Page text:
NEW ORLEANS PHOTO ALLIANCE 2018 COLLECTOR’S CLUB
Warren Thompson discovered photography by accident during his senior year in college. While working in a lab with a darkroom, a professor took interest in his curiosity and showed him how to make prints; Warren has been enjoying photography ever since that day. After a few years he decided to teach photography and attended Rochester Institute of Technology for some introductory classes. Warren then returned to Florida State University to complete a MFA degree. He prefers street photography and documenting the landscape and people that surround him. Warren is always ready for a “road trip” and his favorite advice is “shoot more”. He taught in and developed the photography program at Pensacola State College. In 2008 Warren retired from teaching but he remains active in shooting, exhibiting and bookmaking.
Nell Dickerson is a Hollywood art director and set designer, fine-art photographer, and preservation architect. The series, DIMBERS, continues the themes of her successful photography books about historic and cultural preservation of the Deep South: “GONE: A Photographic Plea for Preservation,” BelleBooks, 2011; and “PORCH DOGS,” John F. Blair Publisher, 2013. Amazon sales ranked “GONE” as #1 in both photography and architecture books, and “PORCH DOGS” as #1 in both photography and animal books. “PORCH DOGS” won both the Benjamin Franklin and Gold Medal awards from the Independent Book Publishers Association, as well as a bronze medal from the Independent Publisher Book Awards.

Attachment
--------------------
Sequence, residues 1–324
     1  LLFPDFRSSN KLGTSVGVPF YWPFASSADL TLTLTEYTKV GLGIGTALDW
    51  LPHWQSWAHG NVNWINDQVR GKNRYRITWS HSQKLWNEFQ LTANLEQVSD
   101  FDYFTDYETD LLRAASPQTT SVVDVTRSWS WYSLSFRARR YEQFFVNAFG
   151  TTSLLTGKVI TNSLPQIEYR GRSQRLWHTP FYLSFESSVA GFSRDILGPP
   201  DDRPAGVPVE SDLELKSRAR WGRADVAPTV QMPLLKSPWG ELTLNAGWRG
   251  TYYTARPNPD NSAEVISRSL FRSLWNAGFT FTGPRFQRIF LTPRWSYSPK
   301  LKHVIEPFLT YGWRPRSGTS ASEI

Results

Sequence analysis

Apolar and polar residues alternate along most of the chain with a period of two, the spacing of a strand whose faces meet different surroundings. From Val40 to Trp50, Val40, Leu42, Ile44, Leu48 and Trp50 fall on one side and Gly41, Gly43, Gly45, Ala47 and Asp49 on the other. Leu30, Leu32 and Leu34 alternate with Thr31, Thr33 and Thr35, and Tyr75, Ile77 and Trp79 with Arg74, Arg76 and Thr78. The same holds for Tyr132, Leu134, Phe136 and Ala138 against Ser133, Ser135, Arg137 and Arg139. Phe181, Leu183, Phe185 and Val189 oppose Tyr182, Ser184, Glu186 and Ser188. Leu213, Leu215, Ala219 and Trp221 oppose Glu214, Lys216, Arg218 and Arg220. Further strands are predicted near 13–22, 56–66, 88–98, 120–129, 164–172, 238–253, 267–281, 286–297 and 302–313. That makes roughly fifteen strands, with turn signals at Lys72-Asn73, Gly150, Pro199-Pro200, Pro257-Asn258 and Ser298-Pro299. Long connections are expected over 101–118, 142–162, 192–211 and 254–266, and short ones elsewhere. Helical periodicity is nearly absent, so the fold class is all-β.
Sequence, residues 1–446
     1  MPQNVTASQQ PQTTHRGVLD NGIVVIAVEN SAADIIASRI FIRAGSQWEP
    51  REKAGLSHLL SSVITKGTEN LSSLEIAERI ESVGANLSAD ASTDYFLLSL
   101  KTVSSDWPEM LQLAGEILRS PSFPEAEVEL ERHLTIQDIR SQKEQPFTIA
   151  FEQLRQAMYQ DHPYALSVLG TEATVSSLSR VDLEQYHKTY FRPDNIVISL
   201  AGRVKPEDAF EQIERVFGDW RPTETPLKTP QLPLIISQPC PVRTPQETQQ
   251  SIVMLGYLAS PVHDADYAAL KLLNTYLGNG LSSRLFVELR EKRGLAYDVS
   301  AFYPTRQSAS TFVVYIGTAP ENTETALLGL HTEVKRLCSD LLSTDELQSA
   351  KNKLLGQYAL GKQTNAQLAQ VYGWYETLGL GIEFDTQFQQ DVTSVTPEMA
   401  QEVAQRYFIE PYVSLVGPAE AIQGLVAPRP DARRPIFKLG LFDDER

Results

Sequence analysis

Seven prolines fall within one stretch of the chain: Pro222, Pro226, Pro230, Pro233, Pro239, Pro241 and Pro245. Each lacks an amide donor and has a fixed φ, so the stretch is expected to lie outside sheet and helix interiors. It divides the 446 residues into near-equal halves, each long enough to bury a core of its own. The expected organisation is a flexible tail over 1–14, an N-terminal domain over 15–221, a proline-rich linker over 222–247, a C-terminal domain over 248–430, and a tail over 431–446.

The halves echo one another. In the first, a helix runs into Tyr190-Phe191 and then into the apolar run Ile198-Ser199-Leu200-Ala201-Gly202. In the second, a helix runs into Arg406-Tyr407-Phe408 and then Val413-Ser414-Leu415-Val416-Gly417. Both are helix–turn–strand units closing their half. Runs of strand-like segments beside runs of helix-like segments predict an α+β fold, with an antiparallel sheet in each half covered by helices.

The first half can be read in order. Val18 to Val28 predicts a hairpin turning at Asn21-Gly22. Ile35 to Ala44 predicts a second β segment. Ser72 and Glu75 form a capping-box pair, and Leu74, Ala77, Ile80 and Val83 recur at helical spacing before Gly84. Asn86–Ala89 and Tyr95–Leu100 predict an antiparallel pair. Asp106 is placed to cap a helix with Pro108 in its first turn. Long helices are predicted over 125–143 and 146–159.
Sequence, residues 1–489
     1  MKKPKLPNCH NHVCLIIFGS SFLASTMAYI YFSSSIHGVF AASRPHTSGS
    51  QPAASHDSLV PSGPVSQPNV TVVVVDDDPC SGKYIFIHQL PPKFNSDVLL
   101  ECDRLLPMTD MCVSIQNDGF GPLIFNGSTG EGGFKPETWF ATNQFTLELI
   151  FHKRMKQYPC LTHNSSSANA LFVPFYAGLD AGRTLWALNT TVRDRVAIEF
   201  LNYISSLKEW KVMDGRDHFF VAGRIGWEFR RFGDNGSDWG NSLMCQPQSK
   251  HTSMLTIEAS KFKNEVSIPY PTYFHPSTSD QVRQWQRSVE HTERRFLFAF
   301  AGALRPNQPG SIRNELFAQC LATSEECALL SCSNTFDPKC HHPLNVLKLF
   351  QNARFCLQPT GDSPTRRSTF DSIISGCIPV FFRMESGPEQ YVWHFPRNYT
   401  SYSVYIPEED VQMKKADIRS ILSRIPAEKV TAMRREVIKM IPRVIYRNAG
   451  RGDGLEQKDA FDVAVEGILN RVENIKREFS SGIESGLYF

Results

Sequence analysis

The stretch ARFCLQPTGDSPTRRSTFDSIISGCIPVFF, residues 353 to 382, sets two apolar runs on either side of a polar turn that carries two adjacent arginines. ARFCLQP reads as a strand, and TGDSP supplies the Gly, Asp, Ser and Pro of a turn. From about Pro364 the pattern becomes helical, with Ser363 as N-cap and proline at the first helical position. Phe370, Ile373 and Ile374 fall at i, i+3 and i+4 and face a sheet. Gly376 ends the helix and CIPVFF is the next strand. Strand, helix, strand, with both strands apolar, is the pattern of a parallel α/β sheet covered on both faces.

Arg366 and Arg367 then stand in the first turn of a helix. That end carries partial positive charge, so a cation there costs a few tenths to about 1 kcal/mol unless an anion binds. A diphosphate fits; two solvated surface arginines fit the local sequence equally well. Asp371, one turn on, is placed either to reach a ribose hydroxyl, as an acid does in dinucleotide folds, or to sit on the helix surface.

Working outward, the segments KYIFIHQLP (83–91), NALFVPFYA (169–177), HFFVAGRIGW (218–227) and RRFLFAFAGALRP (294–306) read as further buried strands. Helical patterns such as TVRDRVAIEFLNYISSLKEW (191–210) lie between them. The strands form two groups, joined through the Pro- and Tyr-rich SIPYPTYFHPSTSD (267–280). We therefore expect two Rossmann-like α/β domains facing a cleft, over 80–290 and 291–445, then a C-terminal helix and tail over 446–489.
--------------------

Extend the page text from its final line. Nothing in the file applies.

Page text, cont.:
Frank Hamrick is an associate professor at Louisiana Tech University. His work mixes photography, storytelling, handmade books and found objects. Frank received his BFA from The University of Georgia and his MFA from New Mexico State University. NPR has written about Frank’s handmade books and Oxford American Magazine named Frank as one of the 100 Superstars of Southern Art. His work is housed in collections including the Amon Carter Museum of American Art in Fort Worth and The Ogden Museum of Southern Art in New Orleans.
Aaron Shipper has had an avid interest in taking and collecting photographs for more than 40 years. His latest project is a collection of vernacular “snapshot” photos which can be seen at www.artofthesnapshot.com. Aaron lives in New Orleans, sharing his home with his vintage camera collection.
Elizabeth Kleinveld is an artist and photographer who divides her time between Amsterdam and New Orleans. For her, art is about creative self-expression and storytelling; it is about responding to what she observes in the world. While some of her work is about striving to express the beauty she sees, other work focuses on themes she finds politically important. Often she uses art to transform her reality as she did in 2007, while working to come to terms with the raw reality of New Orleans after Hurricane Katrina. Kleinveld later found inspiration from exotic flowers and their reflection in water, resulting in the images of her series Flower Reflections that have an almost dreamlike and painterly quality.